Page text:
One of the benefits of Adobe products has always been how well they can be extended to do the things you need. Scripting and plug-ins are two examples of ways you or others can add to InDesign's functionality to make the program work harder for you, not the other way around.
InDesign supports scripts written in Visual Basic on the Windows side and AppleScript for Mac users. Both are programming languages, but they are very easy to pick up and start working.
The benefit to scripting, which is like writing a computer miniprogram, is that you can create scripts to perform everyday or not-so-everyday tasks for you. After you work in InDesign for a while, you find there are certain tasks associated with certain types of documents that you have to perform over and over, ad nauseam. Sometimes these tasks can get so mundane that they can overwhelm the creativity you have and make your project feel like drudgery.
It's worth it to get your programming feet wet and write a script to automate processes like these. Check out http://www.adobe.com/products/indesign/scripting.html for more information about creating scripts, as well as a link to the InDesign Scripting guide, a PDF of scripting instructions. You can also jump to the Adobe Studio Exchange site, where you can view scripts that have been written and sharedand maybe even download one that can help you.
When Adobe decided to develop InDesign and move away from PageMaker as its default layout program, it also made a huge fundamental change to the way the application was coded. Not to get too detailed about programming, but under the hood InDesign is composed of hundreds of plug-ins held together by a basic application framework.
A plug-in is a program that works within an application to perform a specific function.
This is actually a really good thing for users, because it makes it easier for third-party vendors to create plug-ins that can extend InDesign's functionality in very specific ways. There are a number of vendors out there who have programmed ways for InDesign to perform tasks such as imposing your InDesign documents into printers' spreads or batch-converting PageMaker or QuarkXPress files into InDesign. And that functionality can be yours by simply ordering and installing a plug-in.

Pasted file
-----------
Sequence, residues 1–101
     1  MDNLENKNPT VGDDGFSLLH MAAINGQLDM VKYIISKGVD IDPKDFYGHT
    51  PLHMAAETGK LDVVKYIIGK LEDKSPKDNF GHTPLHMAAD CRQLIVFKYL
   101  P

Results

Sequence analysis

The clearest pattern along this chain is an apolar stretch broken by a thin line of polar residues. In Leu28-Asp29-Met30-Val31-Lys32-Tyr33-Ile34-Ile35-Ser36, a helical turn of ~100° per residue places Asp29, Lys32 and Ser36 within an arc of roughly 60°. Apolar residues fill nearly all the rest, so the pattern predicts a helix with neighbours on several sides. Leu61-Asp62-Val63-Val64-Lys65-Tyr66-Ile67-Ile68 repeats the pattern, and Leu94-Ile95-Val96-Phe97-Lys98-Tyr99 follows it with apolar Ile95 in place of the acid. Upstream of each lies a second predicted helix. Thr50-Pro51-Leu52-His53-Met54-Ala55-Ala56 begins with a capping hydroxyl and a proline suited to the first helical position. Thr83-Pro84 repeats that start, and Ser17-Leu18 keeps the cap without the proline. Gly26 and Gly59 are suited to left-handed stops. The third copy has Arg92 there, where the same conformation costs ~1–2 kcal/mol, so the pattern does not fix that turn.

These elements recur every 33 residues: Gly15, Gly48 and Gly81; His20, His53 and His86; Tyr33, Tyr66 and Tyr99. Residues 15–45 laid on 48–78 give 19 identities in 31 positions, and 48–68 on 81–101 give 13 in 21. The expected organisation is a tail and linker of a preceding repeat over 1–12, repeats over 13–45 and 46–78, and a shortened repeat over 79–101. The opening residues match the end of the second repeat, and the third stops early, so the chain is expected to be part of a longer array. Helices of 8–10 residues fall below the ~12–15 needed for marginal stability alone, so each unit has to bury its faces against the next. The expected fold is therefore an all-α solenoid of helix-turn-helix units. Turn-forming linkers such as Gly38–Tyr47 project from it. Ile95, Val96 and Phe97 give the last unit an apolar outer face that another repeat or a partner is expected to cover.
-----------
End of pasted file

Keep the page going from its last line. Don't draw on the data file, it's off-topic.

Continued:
For more information on some of the companies who work with Adobe to add functionality to InDesign, visit http://www.adobe.com/products/plugins/indesign/main.html or do an Internet search for InDesign plug-ins. You'll find a wealth of information and potentially some ways to save yourself time and effort.
One of the most-used InDesign plug-ins is InCopy. InCopy was originally developed by a third-party provider, but has, with this version of InDesign, been taken over by Adobe and is available for sale through the Adobe website.
InCopy adds text editing functionality to InDesign by enabling users to open files and make text changesbut only that. For example, if you have a document you have designed, but there is also a copywriter and editing group who will be working on the text, it's usually not a very appealing idea to turn the application file over to the word people and let them have at it. Letting another person change the text also means you run the risk of someone accidentally moving or changing something that has nothing to do with copy.
InCopy creates a workflow that enables specified users to open a file and make any changes to text, but not to styles or any other items on the page. If overset text is created by adding copy, for example, you as the designer are the only person who can make a change to deal with that overset text. It's a great way to give copy control to those who need itreally, don't you have better things to do with your time than add commas and correct misplaced hyphens?while still maintaining your control over the ultimate appearance of the document.
For more information about InCopy, visit http://www.adobe.com/products/incopy/main.html.